- Orthodox theory - where new classical macroeconomics belongs - concludes that because economic agents have perfect foresight (except for isolated instances of imperfect information) the economy always, automatically reverts back to its full-employment, long-term trajectory.
The case for negative interest rates is based in the orthodox tradition. There, government spending does not weigh down the economy, but actually stimulates growth by means of two transmission mechanisms. The first is the fiscal multiplier, according to which government spending stimulates growth roughly in the same way private consumption does. There is no account for the loss to growth and efficiency in the use of economic resources.
The second transmission mechanism is the interest rate. It is often assumed - usually without much evidence - that negative interest rates stimulate the economy in the same way as positive interest rates do. Specifically, a cut in interest rates from zero to minus one percent would generate the same growth in investments as a cut from four to three percent.
First of all, there is very little evidence, if any at all, that changes in interest rates have any discernible effects on business investments. You can generously explain about a dime of every new dollar in increase in investments by a lower interest rate, but that does not hold for negative rates. The reason is partly the negative rate per se, partly the macroeconomic environment within which negative rates appear.
A negative interest rate signals losses on long-term financial commitments. Whoever wants to borrow money at a negative interest rate will have to convince the lender that it is worth the risk for him to lend money at a loss; at zero risk, a negative interest rate means that the lender gets less back than the loan he initially gave out. The higher the risk, the more he potentially stands to lose. All other things equal, the supply of credit shrinks while demand for it rises.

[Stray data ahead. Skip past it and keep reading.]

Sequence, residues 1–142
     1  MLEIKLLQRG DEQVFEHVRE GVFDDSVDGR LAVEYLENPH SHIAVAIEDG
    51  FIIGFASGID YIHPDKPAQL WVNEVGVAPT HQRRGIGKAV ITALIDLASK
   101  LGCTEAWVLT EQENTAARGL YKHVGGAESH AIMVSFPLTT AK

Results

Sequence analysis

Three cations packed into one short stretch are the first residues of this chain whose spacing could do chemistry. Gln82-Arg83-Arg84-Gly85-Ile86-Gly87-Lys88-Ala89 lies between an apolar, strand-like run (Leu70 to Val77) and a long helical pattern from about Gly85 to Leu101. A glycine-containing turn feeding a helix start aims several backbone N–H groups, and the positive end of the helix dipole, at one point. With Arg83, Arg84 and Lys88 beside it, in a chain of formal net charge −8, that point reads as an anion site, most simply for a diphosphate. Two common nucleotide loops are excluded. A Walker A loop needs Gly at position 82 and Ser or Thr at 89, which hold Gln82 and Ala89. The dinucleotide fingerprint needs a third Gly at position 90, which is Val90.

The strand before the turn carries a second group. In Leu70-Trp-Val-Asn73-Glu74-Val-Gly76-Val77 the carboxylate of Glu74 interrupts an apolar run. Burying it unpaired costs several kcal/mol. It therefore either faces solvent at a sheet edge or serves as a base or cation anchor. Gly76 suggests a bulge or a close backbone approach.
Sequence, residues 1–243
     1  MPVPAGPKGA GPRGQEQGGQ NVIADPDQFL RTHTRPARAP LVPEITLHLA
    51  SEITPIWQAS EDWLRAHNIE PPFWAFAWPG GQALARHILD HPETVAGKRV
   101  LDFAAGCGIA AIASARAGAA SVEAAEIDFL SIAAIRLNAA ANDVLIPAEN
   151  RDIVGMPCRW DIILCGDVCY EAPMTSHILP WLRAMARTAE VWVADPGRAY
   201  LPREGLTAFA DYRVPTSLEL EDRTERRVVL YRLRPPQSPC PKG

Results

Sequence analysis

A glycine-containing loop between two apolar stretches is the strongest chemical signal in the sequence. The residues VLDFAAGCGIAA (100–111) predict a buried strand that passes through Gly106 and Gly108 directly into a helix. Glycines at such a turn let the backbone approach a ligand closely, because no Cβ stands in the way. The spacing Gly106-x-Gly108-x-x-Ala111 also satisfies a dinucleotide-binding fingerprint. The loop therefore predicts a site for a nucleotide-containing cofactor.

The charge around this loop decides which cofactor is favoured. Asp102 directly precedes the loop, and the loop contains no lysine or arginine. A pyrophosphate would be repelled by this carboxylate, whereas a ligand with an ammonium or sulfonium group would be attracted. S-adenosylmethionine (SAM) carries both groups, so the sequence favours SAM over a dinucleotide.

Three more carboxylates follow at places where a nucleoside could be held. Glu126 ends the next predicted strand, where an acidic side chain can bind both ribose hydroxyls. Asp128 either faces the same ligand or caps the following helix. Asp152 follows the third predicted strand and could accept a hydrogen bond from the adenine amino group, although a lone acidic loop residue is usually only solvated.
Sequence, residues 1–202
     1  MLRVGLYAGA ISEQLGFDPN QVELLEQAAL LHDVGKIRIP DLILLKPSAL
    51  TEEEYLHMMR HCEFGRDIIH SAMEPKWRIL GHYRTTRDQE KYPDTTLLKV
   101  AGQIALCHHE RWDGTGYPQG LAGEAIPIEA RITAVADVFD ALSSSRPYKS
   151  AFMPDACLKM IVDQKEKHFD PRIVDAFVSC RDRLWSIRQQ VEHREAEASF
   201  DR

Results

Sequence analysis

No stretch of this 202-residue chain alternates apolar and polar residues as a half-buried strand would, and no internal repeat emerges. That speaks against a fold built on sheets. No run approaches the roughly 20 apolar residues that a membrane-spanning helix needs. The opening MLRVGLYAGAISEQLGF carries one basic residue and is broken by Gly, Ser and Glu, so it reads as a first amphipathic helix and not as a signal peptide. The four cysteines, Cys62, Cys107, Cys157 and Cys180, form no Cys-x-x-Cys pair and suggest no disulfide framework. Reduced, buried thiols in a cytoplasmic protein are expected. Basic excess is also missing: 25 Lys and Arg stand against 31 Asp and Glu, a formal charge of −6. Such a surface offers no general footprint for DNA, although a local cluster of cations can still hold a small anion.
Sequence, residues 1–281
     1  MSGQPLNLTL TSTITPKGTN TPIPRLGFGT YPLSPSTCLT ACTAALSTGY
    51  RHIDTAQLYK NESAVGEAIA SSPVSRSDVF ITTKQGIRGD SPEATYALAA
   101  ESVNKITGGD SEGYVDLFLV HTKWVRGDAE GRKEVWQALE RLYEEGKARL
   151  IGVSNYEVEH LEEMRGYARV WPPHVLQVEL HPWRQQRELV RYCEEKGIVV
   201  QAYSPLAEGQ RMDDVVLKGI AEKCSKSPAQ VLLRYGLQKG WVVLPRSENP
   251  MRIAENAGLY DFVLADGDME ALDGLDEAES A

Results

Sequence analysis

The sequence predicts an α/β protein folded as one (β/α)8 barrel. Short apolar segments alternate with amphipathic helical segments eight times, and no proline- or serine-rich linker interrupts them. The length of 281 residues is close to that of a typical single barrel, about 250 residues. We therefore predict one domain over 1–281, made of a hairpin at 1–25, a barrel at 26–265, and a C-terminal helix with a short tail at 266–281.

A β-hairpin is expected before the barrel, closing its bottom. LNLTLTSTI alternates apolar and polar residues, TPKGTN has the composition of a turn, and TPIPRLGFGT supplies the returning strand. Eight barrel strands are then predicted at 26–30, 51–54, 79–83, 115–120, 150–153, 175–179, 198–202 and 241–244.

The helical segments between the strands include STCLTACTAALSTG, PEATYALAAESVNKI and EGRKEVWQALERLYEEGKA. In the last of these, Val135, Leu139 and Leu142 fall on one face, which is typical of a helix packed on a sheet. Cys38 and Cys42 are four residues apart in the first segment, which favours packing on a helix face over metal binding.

The only source for new credit will be the one that the central bank provides through the commercial banking system. The Federal Reserve provides banks with cheap credit that they, in turn, can lend to, for example, non-financial corporations for capital formation. The problem is that our banks are already overloaded with marginally performing equity in the form of Treasurys; they don't want more of that. Even if the Federal Reserve gives away money - again the definition of negative interest - the only way banks could make money is by giving away less of it. The margins are simply too slim to make it worth the while.
Our banks already have access to dirt-cheap Federal Reserve funding, and they are lukewarm at best toward it.
And this is all, again, before considering the macroeconomic environment of negative interest rates. More on that in Part 2. For now, let us return briefly to the CNBC article, which quotes Federal Reserve chairman Colin Powell and other Federal Reserve officials as expressing
strong doubts about whether negative interest rates would ever be used in the U.S., as they have in Europe and Japan. They cite little evidence that below-zero yields are effective, and Powell pointed out, in a discussion last week, that they tend to be detrimental to banks. “We don’t think that’s an appropriate tool here in the United States,” Powell told former Fed Vice Chair and now Princeton University economist Alan Blinder. “I would say the evidence on whether it actually works is mixed. There are clearly some negative side effects, as there sometimes are with these things, and it’s just not clear to my colleagues and to me on the Federal Open Market Committee that this is a tool that would be appropriate to deploy here in the United States.”
That is good news, but it is also worth mentioning that the interest rates on Treasurys are below one percent for all except the bonds maturing in ten years (1.32 percent) and 30 years (1.56). They have been so since late March.
However, the Damoclean Sword of negative interest rates is going to continue to hang over our economy so long as Congress refuses to go into fiscal rehab for its deficit addiction.
More on this in Part 2, where we will discuss the macroeconomic environment of negative interest rates.